On July 10, “Indian Horse” will screen at the Village Playhouse in Bancroft through a partnership with TIFF Film Circuit and according to Reverend Lynn Watson, from St. Paul’s United, this is an opportunity to hear, without judgement, stories from our shared past.
The film screening, offered in partnership by St. Paul’s United and Hospice North Hastings, will feature a special welcome from Christine Luckasavitch, of the Madaoueskarini Algonquins from Whitney, to the unceded Algonquin Territory. As the owner of Waaseyaa Consulting, an Indigenous culture and heritage consulting company, she will share some thoughts on the story told through the film as well as providing some background on the Minweyweywigaan Lodge, a Midewiwin Lodge located in Wiikwemikoong First Nation, which will receive proceeds from the special TIFF Film Circuit screening.
According to Luckasavitch, the Midewiwin Lodge is like a big family, holding and protecting traditional knowledge, language and culture. One of the “Indian Horse” film’s stars is connected to the Lodge and Luckasavitch is pleased to provide this connection and this support. She also hopes that the film will bring more compassion and a greater understanding to the history and experiences of First Nations people in Canada.
Adapted from Richard Wagamese’s award-winning novel, Stephen Campanelli’s moving drama sheds light on the dark history of Canada’s residential schools and the indomitable spirit of our nation’s Indigenous peoples.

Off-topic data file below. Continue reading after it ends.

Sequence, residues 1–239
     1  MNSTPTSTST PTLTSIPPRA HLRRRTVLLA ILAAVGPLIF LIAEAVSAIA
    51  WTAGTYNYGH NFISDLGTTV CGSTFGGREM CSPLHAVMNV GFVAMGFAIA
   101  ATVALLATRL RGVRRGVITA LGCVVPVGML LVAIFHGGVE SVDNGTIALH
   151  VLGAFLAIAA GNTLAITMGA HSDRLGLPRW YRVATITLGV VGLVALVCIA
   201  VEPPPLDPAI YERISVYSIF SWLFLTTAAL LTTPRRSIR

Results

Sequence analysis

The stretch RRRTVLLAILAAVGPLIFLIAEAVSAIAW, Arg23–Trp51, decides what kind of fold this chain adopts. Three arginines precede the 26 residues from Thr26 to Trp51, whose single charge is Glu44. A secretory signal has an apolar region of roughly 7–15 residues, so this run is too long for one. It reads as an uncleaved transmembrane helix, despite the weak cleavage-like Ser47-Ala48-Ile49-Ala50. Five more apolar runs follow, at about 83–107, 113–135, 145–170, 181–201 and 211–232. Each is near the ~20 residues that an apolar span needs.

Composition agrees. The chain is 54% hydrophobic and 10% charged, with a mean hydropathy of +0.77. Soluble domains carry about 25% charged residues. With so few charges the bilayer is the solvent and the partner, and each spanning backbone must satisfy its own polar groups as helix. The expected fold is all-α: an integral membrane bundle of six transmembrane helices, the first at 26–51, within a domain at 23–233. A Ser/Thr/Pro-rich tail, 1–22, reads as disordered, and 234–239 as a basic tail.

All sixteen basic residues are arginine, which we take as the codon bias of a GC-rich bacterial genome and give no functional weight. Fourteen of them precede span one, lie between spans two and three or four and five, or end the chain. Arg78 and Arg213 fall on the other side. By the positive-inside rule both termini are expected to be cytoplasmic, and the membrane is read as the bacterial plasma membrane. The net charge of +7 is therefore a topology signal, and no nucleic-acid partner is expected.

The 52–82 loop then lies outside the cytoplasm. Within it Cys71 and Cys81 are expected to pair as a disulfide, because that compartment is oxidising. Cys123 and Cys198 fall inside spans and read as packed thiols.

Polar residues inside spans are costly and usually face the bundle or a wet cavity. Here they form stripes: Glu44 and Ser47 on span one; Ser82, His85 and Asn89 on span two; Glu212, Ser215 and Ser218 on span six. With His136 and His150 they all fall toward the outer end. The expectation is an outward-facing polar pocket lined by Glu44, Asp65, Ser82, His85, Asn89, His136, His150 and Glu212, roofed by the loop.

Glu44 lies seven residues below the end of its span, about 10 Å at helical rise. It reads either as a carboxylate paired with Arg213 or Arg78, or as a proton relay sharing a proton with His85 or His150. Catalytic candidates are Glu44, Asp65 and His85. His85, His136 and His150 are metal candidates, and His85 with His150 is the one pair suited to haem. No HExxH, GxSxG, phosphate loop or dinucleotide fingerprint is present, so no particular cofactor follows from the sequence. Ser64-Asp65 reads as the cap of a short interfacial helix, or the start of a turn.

“Indian Horse” tells a quintessentially Canadian story. Saul Indian Horse is Ojibwe, from the shores of the Winnipeg River. As a child he is separated from his family by Canada’s notorious residential school system, where he and fellow Indigenous students suffer routine physical, sexual, and emotional abuse. Teachers do their best to destroy the children’s identities, in the name of the Christian god and the Canadian state. Then, Saul discovers hockey. Only through his passion for the game and his rapidly improving skills does he glimpse a path beyond the horrors that confine him.
Rev Lynn Watson is looking forward to the screenings on July 10 and wants audience members to be willing to listen without judgement and to listen without defense.
“It’s been 30 years since the United Church’s first apology,” she says. “This is an opportunity to just receive the story and for people to connect with the ongoing dialogue and action.”
Watson says in receiving the final Calls to Action of the Truth and Reconciliation Commission, and through resolution at General Council 42, the United Church has committed itself to an agenda for reconciliation and justice. The screening of “Indian Horse” is one small step but Watson says it affirms the commitment to truth and reconciliation.
“Indian Horse” screens at the Village Playhouse in Bancroft on July 10 with shows at 4:15 and 7pm. Tickets are $10 and proceeds from this special screening will support the Midewiwin Lodge. Everyone is welcome to attend and Christine Lukasavitch and Rev. Lynn Watson will be available after the screenings if anyone wishes to discuss the film.